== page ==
Tuesday, April 17, 2012

What is cuticle?

See the Eponychium? That part is what most people think is the cuticle and they end up doing damage to it. Eponychium should never be cut, poked or prodded on purpose. It protects you from bacteria and infection and needs to be allowed to do its thang. :)

The cuticle is an epidermal layer of skin that is virtually invisible. It grows out in a thin layer attached to the top of the natural nail plate from the underside of the eponychium.
What most people call the cuticle is actually the eponychium. Cutting, picking, or any other attempt to remove the eponychium should be avoided at all costs. Doing so greatly increases the risk of paronychia (a nasty painful bacterial infection). On top of the dreaded P word, the body replaces the cut/torn/eradicated skin with scar tissue and/or calloused and hardened eponychiums.

If you or someone you love cuts their eponychiums, get them to stop. Have them use softening and exfoliating products like Alpha Hydroxy creams, CND Cuticle Eraser, and pure lanolin to soften and exfoliate the hardened skin. They can even use a gel or creamy cuticle remover, which will help to remove the dead cuticle. My favorite is Blue Cross from Sally Beauty, and I used to use Sally Hansen's Instant Cuticle Remover in the blue bottle which is also really good.

I took this photo of my own nail to demonstrate the part of the cuticle that can safely be removed weekly or bi-weekly to keep your nails pretty and your polish on. :)
The purple arrows shows the stuff you will want to remove, the red arrow is what you want to leave be.

Usually, the purple arrow portion is not visible but thanks to acetone it showed so I could photograph it for you!

The red arrow is the eponychium which seals out bacteria to prevent infection, and is the part you'll want to moisturize daily and let it do its thang.

Go forth and treat your eponychiums well!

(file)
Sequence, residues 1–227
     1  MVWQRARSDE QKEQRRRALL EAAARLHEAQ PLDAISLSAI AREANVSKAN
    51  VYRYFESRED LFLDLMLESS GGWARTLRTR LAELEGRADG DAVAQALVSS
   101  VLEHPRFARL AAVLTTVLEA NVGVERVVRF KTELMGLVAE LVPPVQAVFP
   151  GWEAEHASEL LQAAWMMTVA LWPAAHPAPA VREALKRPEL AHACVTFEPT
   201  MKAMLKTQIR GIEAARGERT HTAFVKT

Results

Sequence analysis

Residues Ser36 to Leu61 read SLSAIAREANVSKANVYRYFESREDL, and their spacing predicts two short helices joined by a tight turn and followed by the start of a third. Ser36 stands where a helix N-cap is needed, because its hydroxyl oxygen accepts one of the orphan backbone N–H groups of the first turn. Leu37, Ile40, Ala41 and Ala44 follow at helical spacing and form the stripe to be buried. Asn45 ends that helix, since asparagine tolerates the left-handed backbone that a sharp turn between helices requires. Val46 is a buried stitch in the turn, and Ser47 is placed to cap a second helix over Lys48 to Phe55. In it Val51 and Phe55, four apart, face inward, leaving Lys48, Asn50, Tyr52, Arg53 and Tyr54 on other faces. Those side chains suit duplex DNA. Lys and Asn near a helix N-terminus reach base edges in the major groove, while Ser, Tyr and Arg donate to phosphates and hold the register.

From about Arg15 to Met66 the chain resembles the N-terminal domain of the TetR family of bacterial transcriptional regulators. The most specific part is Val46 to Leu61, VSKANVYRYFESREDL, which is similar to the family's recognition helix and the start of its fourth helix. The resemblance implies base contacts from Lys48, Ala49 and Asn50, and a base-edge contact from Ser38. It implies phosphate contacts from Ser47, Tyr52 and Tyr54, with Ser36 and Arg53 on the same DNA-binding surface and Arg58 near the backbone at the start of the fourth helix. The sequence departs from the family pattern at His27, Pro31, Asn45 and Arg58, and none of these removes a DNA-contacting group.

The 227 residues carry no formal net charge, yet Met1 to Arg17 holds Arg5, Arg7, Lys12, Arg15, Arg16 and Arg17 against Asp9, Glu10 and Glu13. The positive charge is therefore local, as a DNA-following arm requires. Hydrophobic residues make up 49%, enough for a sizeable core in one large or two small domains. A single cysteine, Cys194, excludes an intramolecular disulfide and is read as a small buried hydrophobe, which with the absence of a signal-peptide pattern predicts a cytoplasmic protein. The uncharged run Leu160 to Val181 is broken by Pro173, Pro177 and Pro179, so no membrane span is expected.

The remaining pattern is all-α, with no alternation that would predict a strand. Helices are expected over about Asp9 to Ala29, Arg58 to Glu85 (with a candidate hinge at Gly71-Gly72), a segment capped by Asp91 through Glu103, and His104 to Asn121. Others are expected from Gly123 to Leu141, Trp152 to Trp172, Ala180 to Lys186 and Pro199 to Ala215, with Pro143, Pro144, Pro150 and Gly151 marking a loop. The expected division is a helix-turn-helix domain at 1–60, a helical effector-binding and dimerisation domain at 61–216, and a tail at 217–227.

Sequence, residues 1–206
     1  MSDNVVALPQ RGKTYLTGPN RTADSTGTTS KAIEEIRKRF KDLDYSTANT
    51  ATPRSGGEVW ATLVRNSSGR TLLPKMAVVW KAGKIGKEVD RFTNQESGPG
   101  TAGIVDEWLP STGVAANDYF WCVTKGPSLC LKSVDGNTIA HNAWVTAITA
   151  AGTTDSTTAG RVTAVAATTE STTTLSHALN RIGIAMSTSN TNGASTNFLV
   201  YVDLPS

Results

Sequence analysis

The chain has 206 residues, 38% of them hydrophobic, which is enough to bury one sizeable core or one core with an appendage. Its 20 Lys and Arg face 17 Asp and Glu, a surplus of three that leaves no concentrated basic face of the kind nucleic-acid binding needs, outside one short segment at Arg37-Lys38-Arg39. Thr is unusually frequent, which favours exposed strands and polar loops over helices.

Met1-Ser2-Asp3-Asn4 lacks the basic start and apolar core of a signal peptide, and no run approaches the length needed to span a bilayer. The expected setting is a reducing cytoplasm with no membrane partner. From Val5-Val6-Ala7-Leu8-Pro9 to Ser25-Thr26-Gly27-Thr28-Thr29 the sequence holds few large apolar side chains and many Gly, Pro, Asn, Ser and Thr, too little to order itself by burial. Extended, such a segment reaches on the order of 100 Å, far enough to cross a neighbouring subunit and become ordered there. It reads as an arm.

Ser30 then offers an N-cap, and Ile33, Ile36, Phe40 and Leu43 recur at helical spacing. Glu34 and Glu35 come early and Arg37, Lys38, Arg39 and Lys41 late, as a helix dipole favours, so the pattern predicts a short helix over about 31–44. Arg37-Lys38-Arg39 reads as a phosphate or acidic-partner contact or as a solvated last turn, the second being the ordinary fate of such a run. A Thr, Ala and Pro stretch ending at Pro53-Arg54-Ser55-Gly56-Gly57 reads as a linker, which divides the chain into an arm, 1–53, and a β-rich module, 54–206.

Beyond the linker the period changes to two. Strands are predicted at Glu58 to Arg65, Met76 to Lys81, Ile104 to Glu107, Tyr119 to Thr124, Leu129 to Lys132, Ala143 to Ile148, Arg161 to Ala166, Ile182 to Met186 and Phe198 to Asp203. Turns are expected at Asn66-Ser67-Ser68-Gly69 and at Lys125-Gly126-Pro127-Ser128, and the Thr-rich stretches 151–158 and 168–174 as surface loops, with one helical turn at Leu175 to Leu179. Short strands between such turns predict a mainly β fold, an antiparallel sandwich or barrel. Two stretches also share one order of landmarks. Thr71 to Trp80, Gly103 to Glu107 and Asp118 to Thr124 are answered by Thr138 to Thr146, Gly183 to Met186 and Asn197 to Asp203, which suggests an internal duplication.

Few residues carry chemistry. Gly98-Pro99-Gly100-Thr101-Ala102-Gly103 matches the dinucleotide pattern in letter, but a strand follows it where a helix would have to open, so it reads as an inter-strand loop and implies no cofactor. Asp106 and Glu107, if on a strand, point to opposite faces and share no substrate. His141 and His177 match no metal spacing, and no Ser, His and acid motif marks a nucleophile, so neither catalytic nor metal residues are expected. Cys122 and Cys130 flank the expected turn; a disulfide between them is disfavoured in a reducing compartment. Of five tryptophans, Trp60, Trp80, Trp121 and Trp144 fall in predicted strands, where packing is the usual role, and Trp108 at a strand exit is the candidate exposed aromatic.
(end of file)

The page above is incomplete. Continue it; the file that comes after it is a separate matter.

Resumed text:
1. This has nothing to do with your current post, but I just found your blog today and basically went through every post. I don't know if you're still into bath & body stuff, but have you ever tried Black Phoenix Alchemy Lab?

    1. :D Thanks for finding me! And yes! I love me some bpal! I hope you enjoyed your read, some of the older photos and such were some that I copied here from flickr - hope those weren't too much of a bore!

  2. I really like nfu-oh's cuticle remover. It kind of lets you know what the cuticle is. It makes my cuticles very soft and easy to wipe away without ruining the eponychium thingy lol. Plus, I saw it recommended on so many blogs I had to try it for myself. I'm still looking for a good cuticle cream to keep my fingers moisturized. This post is very informative! Thanks for educating us:)

    1. I've read about Nfu-Oh on other blogs as well and its definitely on my wishlist to try once I have used up the remover I currently have.
      Your cuticles and surrounding skin looks very well cared for! For something different, I'd suggest trying a lotion or cream containing hemp oil. Hemp helps skin cells regenerate and is the best oil for skin, next in line is jojoba oil. I believe Sally's has a travel sized hemp lotion and the Body Shop carries some hemp products as well. I like getting small sizes so I can carry them with me and they're good for trying out something new without investing too much.
      An alpha hydroxy lotion like amlactin will help keep skin fresh looking, perhaps alternate it with your usual moisturizer. Best of luck on your hunt, and let me know what you find to work best for you!

  3. Thank you for letting me know about the eponychium thingy. Whenever I have gotten my nails done professionally I have seen them pushing it and even cutting it a little, so I thought it was ok to do. (Truly I only push not cut) One of my fingers has been hurting when I touch that part and had before from the nail technicians so now to figure out how to get it to heal. I know that you gave the advice, but having to get rid of the cuticle that grows without touching the epon...you know. Thank you again for the great advice.

    1. Cuticle nippers can be used if there is dead skin hanging. Often times once the cuticle is pushed back it tends to cling to the nail plate and kind of hang there. I usually use a terry towel and rub a little. The rough surface of the towel is good at getting it to detach and much safer than cutting. If you do choose to cut, make sure the skin is dead and hanging.
      I have seen pros use nippers to cut hanging dead skin. The key is that its dead - if they're cutting live tissue make them stop.

      For healing I'd suggest Neosporin or similar generic product, and either baby that area when using your hands or wrap it in a band-aid but be sure to give it some air time too.
      I hope it heals quickly!


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